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Medline ® Abstract for Reference 214

of 'Cellular and molecular biology of chronic myeloid leukemia'

214
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Efficient transplantation of BCR-ABL-induced chronic myelogenous leukemia-like syndrome in mice.
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Gishizky ML, Johnson-White J, Witte ON
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Proc Natl Acad Sci U S A. 1993;90(8):3755.
 
Lethally irradiated mice reconstituted with bone marrow expressing P210 BCR-ABL can develop myeloproliferative syndromes that resemble the initial phase of human chronic myelogenous leukemia (CML). Mice that develop the CML-like syndrome can be segregated into two groups based on the latency with which the granulocytic disease appears--early onset (<20 weeks) and late onset (>20 weeks). Only cells from mice exhibiting the late-onset CML-like syndrome can efficiently propagate the disease when transplanted into sublethally irradiated syngeneic recipients. Mice engrafted with late-onset murine CML cells develop a range of hematopoietic disorders that originate from multipotent stem cells. The chronic granulocytic hyperplasia can be propagated by serial transplantation into secondary and tertiary recipient mice. The majority of transplanted mice succumb to acute myeloid and B- and T-lymphoid leukemias. These data support the idea that late-onset murine CML originates from a multipotent progenitor cell with a high replicating capacity. The inability to transplant the disease from mice developing the early-onset CML-like syndrome suggests that this disorder may originate from more differentiated progenitor cells with limited replication capacity that have undergone clonal expansion but are not immortalized. Although both early- and late-onset CML-like syndromes exhibit granulocytic hyperplasia, these disordersrepresent distinct diseases that appear to originate from different hematopoietic cell types. The late-onset CML-like disease and transfer to secondary recipients provides a useful murine model with features of the chronic and acute phases of human CML.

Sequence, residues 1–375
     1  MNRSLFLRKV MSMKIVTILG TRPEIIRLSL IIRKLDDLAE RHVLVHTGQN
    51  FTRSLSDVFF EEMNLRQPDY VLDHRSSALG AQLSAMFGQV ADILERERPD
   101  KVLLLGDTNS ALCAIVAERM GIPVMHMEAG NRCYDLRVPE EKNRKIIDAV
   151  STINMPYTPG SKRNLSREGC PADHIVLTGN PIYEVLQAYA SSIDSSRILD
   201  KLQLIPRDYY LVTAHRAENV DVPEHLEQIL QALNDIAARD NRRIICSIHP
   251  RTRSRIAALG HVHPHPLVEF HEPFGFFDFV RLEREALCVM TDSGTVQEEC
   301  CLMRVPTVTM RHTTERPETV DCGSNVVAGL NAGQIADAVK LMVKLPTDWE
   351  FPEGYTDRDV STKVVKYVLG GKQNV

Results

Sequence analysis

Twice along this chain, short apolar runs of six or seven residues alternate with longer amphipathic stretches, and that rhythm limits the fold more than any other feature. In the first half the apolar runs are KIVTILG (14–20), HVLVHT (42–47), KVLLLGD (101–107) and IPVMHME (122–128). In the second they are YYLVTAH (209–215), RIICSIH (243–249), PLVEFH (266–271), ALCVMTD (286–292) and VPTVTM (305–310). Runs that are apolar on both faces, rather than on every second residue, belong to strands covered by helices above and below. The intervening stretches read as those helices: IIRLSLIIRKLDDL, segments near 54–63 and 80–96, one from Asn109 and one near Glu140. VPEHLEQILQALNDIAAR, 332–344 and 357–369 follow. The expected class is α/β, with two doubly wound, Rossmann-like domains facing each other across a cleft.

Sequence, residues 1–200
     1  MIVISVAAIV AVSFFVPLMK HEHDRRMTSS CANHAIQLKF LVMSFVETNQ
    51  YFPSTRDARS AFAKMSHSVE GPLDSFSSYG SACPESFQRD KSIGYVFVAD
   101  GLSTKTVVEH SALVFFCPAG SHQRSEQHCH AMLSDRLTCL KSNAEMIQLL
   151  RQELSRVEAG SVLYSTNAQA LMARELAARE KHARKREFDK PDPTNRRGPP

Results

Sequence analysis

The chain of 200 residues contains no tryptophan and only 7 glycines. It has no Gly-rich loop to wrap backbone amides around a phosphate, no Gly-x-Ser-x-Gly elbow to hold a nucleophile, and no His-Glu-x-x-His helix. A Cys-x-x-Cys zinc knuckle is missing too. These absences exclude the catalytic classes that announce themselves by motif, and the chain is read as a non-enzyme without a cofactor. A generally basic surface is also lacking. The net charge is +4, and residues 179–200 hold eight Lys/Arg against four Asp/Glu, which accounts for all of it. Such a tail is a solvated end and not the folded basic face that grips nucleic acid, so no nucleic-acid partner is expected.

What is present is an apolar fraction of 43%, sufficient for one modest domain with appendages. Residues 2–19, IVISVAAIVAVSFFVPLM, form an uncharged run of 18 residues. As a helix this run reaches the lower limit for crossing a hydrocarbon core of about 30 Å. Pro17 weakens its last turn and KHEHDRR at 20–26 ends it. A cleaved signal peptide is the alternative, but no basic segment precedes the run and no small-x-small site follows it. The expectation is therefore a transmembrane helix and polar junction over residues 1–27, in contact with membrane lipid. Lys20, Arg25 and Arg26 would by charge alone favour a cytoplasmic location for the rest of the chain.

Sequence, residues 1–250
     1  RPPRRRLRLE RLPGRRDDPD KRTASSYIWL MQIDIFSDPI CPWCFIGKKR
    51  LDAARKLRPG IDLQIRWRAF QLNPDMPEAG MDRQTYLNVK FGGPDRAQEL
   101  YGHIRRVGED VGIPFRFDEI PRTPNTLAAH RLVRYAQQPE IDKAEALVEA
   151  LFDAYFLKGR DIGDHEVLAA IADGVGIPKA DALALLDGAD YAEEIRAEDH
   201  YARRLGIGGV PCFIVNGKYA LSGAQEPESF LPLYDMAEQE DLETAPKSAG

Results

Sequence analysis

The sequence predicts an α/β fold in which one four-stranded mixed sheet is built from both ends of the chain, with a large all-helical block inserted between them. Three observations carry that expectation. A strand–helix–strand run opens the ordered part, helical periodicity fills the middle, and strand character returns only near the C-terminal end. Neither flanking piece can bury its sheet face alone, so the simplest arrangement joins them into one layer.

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Howard Hughes Medical Institute, University of California, Los Angeles 90024.
PMID